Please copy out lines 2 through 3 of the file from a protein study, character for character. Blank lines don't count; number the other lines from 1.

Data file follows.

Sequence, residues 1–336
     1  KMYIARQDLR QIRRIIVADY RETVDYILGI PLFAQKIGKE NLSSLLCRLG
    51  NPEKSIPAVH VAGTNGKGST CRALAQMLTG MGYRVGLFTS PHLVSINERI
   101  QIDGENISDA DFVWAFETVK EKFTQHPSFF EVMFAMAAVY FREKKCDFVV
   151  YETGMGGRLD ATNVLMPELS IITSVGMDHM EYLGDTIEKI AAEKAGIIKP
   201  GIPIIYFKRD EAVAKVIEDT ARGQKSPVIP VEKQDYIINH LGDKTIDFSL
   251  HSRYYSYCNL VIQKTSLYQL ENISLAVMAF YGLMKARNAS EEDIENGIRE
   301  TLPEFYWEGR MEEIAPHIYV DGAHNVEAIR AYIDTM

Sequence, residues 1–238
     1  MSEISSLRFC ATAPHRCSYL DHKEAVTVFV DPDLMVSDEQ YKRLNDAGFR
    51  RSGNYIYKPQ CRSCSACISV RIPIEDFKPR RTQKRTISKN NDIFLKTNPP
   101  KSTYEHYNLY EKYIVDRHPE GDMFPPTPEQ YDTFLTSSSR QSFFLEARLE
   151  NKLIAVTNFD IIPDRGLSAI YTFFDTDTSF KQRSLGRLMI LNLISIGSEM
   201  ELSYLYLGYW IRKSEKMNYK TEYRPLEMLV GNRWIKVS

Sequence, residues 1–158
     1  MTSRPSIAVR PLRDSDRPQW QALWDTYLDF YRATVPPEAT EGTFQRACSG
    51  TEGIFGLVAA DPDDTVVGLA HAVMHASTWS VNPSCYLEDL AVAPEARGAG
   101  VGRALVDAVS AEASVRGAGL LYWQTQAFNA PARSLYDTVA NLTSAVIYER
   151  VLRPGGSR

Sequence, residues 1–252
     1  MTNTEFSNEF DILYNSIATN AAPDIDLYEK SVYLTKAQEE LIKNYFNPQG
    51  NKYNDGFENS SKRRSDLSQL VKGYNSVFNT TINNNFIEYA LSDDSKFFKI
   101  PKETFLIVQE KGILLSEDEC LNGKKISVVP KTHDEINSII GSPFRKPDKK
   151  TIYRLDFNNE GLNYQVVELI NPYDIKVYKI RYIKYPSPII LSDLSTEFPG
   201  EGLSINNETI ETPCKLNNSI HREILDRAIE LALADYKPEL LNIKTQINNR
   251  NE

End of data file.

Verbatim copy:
     1  KMYIARQDLR QIRRIIVADY RETVDYILGI PLFAQKIGKE NLSSLLCRLG
    51  NPEKSIPAVH VAGTNGKGST CRALAQMLTG MGYRVGLFTS PHLVSINERI